Strengthening Concrete and Repairing Water Tanks with FRP

For the past two decades and more, fiber-reinforced polymers (FPR) have been used in the U.S. for concrete strengthening, as well as in its capacity as a standard construction material. It has steadily been gaining broader acceptance among professionals who are becoming aware of its outstanding properties, especially when compared to conventional strengthening processes and techniques. That being so, FRP composites are now being used in many more applications requiring strengthening, such as in water tank repair and in tank linings in general.

What is FRP?

FRP composites are materials which contain a polymer matrix which acts as a protector for a specific high-strength fiber which is continuous in nature, for example glass, steel wire, or carbon. It is these continuous fibers which provide the reinforcing quality to a structure, and they are embedded in the polymer, which binds them all together and transfers load between them. While carbon-based FRP is somewhat rigid in structure, other types of FRP are more flexible, and can be used to wrap around almost any shape of object for water tank or structural concrete reinforcement.

Applications for FRP

FRP systems offer a very useful and practical method for strengthening concrete structures, and are most commonly used in situations which call for ductility improvement and/or column confinement, shear strengthening, or flexural strengthening. FRP systems are a good choice for the seismic upgrading of concrete structures, for instance to confine columns so as to resist the buckling of steel bars, to prevent the shear failure of columns, to avoid failures of unconfined beam/column joints, and to mitigate lap splice failures. By increasing energy dissipation and global displacement of a given concrete structure, its overall behavior and strength can be significantly increased. Compared to using conventional steel reinforcement, a carbon FRP system could provide as much as five times greater strengthening capacity for concrete and tank linings.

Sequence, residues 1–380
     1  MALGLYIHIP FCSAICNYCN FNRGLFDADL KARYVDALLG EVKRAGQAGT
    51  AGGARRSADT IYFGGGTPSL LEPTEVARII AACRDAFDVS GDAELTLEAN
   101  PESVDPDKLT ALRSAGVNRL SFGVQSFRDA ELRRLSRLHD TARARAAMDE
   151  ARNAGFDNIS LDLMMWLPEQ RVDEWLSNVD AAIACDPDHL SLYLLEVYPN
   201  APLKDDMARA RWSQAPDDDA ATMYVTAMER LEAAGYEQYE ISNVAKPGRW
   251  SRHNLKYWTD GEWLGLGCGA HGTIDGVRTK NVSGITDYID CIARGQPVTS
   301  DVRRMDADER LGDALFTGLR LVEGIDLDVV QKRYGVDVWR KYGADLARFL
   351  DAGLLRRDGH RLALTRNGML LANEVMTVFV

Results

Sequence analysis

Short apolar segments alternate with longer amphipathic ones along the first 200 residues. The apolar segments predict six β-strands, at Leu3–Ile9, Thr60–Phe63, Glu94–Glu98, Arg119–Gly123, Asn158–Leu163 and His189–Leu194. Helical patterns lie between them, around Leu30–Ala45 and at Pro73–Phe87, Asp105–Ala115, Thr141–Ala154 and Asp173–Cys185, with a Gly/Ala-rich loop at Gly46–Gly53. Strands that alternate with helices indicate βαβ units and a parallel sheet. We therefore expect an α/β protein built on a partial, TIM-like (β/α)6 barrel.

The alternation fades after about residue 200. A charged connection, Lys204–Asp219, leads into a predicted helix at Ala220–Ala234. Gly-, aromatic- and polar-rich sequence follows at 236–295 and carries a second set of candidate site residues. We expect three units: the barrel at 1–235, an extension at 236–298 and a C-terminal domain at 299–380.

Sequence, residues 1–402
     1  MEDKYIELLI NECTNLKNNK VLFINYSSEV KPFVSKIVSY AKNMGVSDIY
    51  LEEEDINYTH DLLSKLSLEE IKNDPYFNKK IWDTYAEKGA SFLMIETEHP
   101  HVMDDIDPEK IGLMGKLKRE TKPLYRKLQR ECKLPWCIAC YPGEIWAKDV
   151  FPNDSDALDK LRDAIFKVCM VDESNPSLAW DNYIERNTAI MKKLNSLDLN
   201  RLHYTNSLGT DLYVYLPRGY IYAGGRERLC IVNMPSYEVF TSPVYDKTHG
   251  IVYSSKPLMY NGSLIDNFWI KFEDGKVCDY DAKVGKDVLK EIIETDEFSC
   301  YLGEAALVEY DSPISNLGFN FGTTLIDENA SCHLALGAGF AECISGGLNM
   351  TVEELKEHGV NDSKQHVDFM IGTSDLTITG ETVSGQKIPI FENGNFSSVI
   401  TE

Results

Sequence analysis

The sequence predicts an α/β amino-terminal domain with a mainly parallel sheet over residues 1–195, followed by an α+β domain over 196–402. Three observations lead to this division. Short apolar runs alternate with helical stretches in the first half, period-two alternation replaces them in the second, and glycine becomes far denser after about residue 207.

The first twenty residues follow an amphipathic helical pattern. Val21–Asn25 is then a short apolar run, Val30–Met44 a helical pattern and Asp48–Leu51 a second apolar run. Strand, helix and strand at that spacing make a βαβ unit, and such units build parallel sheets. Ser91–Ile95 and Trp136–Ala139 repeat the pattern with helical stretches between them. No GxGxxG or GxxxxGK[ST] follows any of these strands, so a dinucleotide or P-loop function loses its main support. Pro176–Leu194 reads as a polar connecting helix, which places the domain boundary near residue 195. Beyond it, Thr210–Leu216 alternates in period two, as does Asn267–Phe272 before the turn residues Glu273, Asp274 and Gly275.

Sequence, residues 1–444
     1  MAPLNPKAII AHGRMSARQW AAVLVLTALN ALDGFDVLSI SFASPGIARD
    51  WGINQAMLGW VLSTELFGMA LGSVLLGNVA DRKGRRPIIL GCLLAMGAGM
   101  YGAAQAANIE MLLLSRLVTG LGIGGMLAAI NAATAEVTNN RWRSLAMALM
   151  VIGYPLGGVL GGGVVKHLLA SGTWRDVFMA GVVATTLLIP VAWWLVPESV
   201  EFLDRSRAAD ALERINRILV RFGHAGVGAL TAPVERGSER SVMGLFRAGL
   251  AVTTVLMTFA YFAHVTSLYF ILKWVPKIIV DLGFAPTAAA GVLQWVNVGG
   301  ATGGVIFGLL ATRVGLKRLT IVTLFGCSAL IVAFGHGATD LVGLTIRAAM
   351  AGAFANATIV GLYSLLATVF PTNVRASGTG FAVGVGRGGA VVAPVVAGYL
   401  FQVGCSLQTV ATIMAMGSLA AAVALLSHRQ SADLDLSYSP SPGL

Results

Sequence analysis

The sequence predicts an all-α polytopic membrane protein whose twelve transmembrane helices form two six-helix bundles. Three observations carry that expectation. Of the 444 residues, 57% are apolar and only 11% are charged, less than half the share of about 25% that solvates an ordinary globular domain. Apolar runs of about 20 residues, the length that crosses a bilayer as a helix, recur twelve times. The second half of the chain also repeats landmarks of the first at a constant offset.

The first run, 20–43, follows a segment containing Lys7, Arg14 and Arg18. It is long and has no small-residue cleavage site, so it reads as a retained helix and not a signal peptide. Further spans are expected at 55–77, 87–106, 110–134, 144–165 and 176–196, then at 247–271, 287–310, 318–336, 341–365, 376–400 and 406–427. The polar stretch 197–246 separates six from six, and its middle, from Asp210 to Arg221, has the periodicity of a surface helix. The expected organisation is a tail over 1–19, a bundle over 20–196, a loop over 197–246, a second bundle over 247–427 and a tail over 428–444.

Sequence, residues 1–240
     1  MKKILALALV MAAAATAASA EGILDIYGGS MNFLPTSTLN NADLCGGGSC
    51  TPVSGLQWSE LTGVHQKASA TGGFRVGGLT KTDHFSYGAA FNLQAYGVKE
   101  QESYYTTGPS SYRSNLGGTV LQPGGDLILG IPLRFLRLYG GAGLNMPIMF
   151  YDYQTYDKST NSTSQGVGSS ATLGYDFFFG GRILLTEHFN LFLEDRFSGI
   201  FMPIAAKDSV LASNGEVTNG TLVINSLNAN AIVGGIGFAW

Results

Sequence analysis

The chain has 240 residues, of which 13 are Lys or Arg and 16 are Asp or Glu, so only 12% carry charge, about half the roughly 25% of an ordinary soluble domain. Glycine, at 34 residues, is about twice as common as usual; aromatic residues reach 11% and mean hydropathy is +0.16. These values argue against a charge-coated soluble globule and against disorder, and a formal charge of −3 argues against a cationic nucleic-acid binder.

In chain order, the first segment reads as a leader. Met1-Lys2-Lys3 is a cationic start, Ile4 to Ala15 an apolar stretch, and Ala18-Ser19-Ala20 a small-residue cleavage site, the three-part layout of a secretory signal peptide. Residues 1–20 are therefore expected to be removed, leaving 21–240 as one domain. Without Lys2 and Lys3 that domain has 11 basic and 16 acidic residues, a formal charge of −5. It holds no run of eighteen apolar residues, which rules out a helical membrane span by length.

Limitations of FRPĀ 

It is very important in FRP applications such as shear or flexure strengthening, that the concrete substrate being bonded to has sufficient existing strength to transfer stresses to the FRP system at the bond line. This of course is not an issue in FRP column confinement, which is more of a contact-critical application that basically depends on the connection between the concrete and the FRP system.

There is also a fire or heat limitation associated with FRP systems, since adhesives typically have a low threshold for heat damage. If the concrete being bonded to is capable of withstanding high heat without the FRP system, then it’s not worth taking any extra precautions with the FRP material. If the concrete cannot withstand fire damage, then the cost of fire-proofing the FRP system should be evaluated, to determine whether it’s justifiable or not.

FRP is a Great Option for Concrete Strengthening and Water Tank Repair

While FRP systems have been successfully used in a wide variety of applications like tank liners, tank leak repair, and many other strengthening scenarios, some companies have avoided the use of FRP materials for strengthening because of the relatively higher cost, compared to conventional techniques. However, those higher costs are entirely offset by the reduced labor costs, the shortened downtime during installation, and the lesser need for specialized equipment – all of which makes FRP materials the most cost-effective solution for strengthening applications.